The popular Hampton Hopper shuttle bus will not operate in Montauk this summer because of economic and social distancing concerns due to the coronavirus epidemic.
East Hampton Town officials said that the with the state’s economic situation in dire straits because of the epidemic, the town is unlikely the receive the $100,000 grant that has funded about two thirds of the costs of the free shuttle the last three summers.
Social distancing and sanitizing protocols would make operating the bus more complicated as well.
“It’s unfortunate but with the concerns about unrelated people being in enclosed spaces together, I think it’s a good time to take a break from it,” Supervisor Peter Van Scoyoc said of the Hopper program last week.
Mr. Van Scoyoc said he has spoken with State Assemblyman Fred W. Thiele Jr., who helped secure the funding for the program, but said it is unlikely to be available this year with the state budget likely facing a multi-billion-dollar deficit.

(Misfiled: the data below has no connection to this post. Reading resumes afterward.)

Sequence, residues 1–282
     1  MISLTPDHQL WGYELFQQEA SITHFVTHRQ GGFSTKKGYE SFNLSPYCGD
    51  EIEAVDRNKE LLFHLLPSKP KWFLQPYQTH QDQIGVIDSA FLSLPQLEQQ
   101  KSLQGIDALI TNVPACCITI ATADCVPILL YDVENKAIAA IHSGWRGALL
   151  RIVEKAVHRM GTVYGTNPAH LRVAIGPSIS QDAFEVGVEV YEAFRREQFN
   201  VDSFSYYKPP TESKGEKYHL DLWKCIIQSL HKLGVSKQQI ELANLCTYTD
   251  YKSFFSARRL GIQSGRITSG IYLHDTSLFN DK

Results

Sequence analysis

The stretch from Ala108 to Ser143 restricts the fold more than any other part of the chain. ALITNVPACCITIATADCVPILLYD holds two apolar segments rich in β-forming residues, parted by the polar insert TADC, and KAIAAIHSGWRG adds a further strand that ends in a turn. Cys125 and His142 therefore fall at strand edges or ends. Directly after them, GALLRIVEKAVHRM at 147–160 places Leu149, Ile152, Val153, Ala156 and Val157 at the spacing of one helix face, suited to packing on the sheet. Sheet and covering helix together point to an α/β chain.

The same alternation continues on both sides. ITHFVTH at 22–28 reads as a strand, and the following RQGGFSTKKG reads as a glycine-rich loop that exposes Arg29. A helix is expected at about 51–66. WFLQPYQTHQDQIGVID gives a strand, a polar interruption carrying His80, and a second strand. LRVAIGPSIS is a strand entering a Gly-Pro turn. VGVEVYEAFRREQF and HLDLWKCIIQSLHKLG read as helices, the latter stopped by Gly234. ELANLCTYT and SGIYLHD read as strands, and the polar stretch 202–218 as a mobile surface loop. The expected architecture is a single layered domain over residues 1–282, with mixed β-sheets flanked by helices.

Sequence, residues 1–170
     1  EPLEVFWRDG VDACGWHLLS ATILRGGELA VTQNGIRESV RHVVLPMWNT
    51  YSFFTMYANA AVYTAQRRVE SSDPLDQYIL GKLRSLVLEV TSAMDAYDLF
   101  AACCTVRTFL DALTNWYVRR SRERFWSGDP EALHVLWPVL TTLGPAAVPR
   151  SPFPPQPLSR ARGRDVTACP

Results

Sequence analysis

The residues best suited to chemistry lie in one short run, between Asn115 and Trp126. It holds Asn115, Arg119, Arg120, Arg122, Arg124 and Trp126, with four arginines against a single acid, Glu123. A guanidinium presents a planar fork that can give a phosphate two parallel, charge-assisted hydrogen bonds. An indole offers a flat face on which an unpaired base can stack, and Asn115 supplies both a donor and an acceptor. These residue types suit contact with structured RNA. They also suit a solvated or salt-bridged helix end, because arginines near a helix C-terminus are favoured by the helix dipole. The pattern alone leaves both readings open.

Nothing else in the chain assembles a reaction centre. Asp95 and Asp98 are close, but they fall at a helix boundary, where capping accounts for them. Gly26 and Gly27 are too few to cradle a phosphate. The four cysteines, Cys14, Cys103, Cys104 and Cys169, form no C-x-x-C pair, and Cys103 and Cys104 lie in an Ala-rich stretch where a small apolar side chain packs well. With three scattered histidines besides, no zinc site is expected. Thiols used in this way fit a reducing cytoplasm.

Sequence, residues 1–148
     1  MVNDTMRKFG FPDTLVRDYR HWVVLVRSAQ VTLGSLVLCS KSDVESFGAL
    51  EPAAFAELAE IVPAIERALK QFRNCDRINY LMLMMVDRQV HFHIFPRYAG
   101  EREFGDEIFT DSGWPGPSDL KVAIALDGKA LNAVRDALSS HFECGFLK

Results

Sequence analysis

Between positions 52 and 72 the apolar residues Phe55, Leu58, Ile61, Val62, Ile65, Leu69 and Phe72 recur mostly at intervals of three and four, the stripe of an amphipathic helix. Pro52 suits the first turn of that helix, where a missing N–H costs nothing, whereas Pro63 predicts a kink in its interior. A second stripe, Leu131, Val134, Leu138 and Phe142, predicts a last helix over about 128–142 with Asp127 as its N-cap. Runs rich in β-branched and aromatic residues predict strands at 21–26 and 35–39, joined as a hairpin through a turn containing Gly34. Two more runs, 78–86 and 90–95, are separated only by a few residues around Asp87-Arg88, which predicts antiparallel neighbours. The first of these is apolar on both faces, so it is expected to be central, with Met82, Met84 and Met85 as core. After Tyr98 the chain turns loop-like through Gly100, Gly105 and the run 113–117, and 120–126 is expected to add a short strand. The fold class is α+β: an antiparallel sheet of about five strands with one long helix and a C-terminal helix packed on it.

For the last three years, the shuttle buses ran a 15-mile route with stops at the Montauk Harbor area, the railroad station, downtown and stops along Old Montauk Highway to Hither Hills State Park campground.
The shuttle program began with only the state funding in 2017 when Hampton Hopper agreed to provide the service for the $100,000 amount. At the end of the season, the company said the free buses were popular with riders but ended up costing much more to operate than they had anticipated — an approximately $50,000 loss for the company that year.
In 2018 and 2019, East Hampton Town kicked in an additional $50,000 to supplement the state grant money so that the buses could remain free to riders.
Last summer the buses gave 22,632 rides, an average of 333 per day.
The epidemic has also halted the South Fork Commuter Connection, a state-funded pilot program intended to encourage the use commuters coming to the Hamptons from points west to use public transportation.